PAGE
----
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Sleeping Dogs Ii
and, sure, it got lonely, but she travelled, she went to lectures, she did...lots of things, she was reading the Iliad for the first time, trying to keep all those names straight, but what fun we all had, the French know how to live, there on the island, together on the deck at night, drinking gallons of white wine, eating pounds of pate, the sky so clear, not like New York, the stars so near and bright-with the sound of the waves breaking in the dark and do you remember the night we saw the satellite, a speck of light laboring across the starry sky, just us two, and everyone thought we were crazy and sat up and said 'where? ' and eventually they saw it, too, and, hey, do you remember how old Monsieur Riviere, who owned La Banane, and had such bad emphysema he could barely stand up without his oxygen tank, would lip-synch 'New York, New York into a soup strainer, pretending it was a microphone, at the end of each show, under the spotlight of a hundred flashlights, gradually turning blue? That was bad, clean fun she chuckled, laughing at her own joke, and suddenly stopping and beginning again.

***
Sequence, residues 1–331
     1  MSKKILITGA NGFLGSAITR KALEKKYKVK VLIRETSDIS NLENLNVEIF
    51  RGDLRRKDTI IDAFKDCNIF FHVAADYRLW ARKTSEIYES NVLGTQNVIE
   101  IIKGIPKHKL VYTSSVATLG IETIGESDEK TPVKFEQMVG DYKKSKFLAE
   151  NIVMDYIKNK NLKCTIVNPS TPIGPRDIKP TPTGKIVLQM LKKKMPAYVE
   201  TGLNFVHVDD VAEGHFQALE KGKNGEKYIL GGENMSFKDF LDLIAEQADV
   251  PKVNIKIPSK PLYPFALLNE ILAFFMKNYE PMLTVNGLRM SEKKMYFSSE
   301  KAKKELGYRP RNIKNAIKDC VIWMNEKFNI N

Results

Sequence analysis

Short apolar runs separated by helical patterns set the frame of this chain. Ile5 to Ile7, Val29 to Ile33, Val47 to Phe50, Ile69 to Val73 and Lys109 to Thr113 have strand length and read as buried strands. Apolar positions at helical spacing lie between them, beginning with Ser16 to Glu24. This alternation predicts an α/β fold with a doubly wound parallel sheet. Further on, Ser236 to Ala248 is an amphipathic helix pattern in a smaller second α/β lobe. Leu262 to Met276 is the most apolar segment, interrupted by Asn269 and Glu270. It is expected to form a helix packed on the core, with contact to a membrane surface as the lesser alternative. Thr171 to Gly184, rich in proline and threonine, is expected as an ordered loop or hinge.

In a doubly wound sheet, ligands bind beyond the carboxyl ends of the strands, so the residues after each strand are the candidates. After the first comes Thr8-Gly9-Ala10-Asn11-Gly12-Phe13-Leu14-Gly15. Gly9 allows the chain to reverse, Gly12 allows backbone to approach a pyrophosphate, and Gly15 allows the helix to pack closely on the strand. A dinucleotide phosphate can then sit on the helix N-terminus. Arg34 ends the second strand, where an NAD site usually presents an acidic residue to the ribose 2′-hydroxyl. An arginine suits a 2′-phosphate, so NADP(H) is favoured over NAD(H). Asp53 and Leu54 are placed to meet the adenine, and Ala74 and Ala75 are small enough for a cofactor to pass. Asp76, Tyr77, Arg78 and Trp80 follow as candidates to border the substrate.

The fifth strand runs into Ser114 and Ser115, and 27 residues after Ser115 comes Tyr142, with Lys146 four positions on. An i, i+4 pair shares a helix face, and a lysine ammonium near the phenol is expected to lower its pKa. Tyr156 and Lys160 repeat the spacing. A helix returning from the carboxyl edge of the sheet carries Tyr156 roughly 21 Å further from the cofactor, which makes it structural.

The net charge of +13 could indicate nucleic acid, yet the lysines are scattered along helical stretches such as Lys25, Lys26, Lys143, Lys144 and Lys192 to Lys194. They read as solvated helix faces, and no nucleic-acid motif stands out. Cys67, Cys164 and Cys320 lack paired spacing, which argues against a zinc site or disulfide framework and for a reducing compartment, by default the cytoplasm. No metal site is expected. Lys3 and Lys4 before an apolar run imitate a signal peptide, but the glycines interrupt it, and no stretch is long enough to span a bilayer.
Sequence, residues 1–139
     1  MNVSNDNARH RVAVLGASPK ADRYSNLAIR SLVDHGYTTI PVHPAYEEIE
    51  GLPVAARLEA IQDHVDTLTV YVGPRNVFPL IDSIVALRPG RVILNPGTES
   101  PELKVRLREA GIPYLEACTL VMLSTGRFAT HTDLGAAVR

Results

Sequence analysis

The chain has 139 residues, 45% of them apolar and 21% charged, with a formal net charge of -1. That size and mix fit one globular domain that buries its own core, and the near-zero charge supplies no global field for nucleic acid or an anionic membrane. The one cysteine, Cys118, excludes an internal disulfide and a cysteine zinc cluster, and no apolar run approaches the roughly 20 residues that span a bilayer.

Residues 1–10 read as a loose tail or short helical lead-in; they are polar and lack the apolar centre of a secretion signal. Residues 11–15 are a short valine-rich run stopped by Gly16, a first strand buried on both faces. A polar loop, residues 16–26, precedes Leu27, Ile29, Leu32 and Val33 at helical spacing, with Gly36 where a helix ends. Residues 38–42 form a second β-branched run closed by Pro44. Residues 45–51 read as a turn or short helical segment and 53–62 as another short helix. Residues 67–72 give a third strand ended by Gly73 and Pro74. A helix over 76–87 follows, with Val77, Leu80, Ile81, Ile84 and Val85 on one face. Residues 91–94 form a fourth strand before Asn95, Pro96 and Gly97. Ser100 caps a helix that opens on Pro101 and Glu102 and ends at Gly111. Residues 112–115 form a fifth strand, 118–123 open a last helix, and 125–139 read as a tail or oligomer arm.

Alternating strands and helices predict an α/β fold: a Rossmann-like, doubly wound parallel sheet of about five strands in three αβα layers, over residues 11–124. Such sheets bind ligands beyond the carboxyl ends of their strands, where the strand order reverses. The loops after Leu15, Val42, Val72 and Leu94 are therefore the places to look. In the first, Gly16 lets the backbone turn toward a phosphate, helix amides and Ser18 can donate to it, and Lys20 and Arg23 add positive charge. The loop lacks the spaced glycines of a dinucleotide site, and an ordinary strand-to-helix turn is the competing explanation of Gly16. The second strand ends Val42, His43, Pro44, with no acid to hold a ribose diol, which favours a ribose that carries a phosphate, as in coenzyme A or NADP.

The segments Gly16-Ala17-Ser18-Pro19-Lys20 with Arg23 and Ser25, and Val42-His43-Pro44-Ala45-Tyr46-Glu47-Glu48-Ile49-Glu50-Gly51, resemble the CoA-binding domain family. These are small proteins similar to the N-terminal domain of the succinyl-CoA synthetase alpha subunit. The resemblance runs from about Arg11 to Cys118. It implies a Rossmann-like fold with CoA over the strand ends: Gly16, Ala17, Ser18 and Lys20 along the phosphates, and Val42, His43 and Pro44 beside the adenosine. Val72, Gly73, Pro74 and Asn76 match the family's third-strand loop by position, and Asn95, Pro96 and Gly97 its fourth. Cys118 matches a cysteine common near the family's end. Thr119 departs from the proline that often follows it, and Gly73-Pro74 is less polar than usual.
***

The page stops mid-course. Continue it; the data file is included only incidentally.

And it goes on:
Yes, it's important to be nice, and to live for others, she reflected, slowly, bitterly, as if fun were somehow the outcome of niceness, and but everybody loved Sid, because he was a perfect gentleman, and he had that certain something, such a good father and husband, he was, so thoughtful, and how he loved YOU, and looked forward to you coming, you little devil, he thought you were so smart, even though we hardly saw you the rest of the year, and things were never the same after he died- of what? - an unknown primary the doctor said, an unknown primary, but it was that pneumonia he got on the plane that killed him, you know, it killed him, and they never found the primary. Such a good man. The whole county flew the flag at half-staff. Seven years now, it's been. Why? Sixty-eight is too young! Such things don't happen, do they? Do they?
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